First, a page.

Woster: Brushing up on black hole knowledge
I haven’t punched in to a regular job for five years, but I’m discovering that the COVID-19 stay-home guidelines are giving me more time than ever to surf the web and read newspapers and magazines cover-to-cover.
It isn’t strange, then, that I recently happened upon a marvelous article about a thing called the Abell 85 galaxy cluster. It seems that cluster “is home to the largest black hole known in the universe.” The article said astronomers have measured this black hole. They’ve discovered that “it is 40 billion times the sun’s mass, or roughly two-thirds the mass of all stars in the Milky Way.’’
Fascinating, right? It’s probably more fascinating to someone who can even vaguely comprehend the notion of something 40 billion times the sun’s mass. I don’t have the slightest idea what the sun’s mass might be. Mass is weight, though, isn’t it? So when they say the measured this black hole, that must mean they weighed it? And if so, apparently someone had already weighed the sun?
How do you even weigh something like the sun? I learned back in grade school that the sun is 93 million miles from Earth, something like that, anyway. Back at Shanard’s Elevator in Reliance, I used to drive a truckload of wheat up the ramp and through the door, where I’d stop on the scale, a big rectangle of thick timbers. Ab Vehle would weigh the load. Then I’d open the tailgate, hoist the truck box and empty the grain through a grate in the middle of the scale. Ab would weigh the truck again and hand me a scale ticket that I’d toss in the glove compartment of the truck before I dropped the gearshift into low and headed back for the field.
I understand that sort of measuring, just like stepping on the bathroom scale, only with less cussing than when I read the weight on the scale in the bathroom. But I was never 93 million miles from the elevator scale.
On a site called “Phys.org’’ I learned that Abell 85’s galaxy cluster is 700 million light years from Earth. Say what? That’s twice the distance of any previous black hole measurements, the site says.
And, get this: a scientist named Jens Thomas is quoted as saying, “There are only a few dozen direct mass measurements of super massive black holes, and never before has it been attempted at such a distance.” Boy, so much to unpack in that sentence. Thomas and his team weren’t the least bit daunted, apparently, because he continued, “We already had some idea of the size of the black hole in this particular galaxy, so we tried it.’’ And I’m not the one who’s going to tell him he got it wrong.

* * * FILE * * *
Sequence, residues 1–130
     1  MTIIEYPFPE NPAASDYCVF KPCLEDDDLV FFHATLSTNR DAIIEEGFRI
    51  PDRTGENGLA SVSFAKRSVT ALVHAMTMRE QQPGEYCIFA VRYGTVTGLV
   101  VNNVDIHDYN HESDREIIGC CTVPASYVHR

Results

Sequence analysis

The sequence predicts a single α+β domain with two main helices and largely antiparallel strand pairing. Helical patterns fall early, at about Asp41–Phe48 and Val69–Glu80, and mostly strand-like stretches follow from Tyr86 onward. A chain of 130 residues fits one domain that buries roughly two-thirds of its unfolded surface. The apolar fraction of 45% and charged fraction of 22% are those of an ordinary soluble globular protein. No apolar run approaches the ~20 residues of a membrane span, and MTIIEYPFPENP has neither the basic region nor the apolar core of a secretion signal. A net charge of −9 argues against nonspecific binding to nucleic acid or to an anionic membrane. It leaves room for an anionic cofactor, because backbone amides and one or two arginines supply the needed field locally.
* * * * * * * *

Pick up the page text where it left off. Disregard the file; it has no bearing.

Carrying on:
At that point, I needed a refresher on black holes. The National Aeronautics and Space Administration defines them as “a place in space where gravity pulls so much that even light cannot get out. The gravity is so strong because matter has been squeezed into a tiny space. This can happen when a star is dying.’’
I was still trying to wrap my brain around that concept when I read on: “Because no light can get out, people can’t see black holes. They are invisible.’’
Well, that reminded me of the days after the Homestake gold mine became a deep underground physic lab. I talked with some scientists who were searching deep in the mine for a thing called dark matter. Dark matter may compose 85 percent of the universe, but like black holes, it can’t be seen directly.
I didn’t understand a word those dark-matter researchers said to me, but I admired their search. It isn’t easy looking for something that, even when you find it, you don’t see it.
As I read further, I suddenly remembered how Sherlock Holmes once solved the mystery of a stolen horse because a dog didn’t bark in the night. If Holmes could do that, I suppose someone else could find dark matter by not seeing it. If that’s possible, then I see no reason why someone else couldn’t measure a black hole nobody can see.
Holmes might say, “Elementary, my dear Watson.’’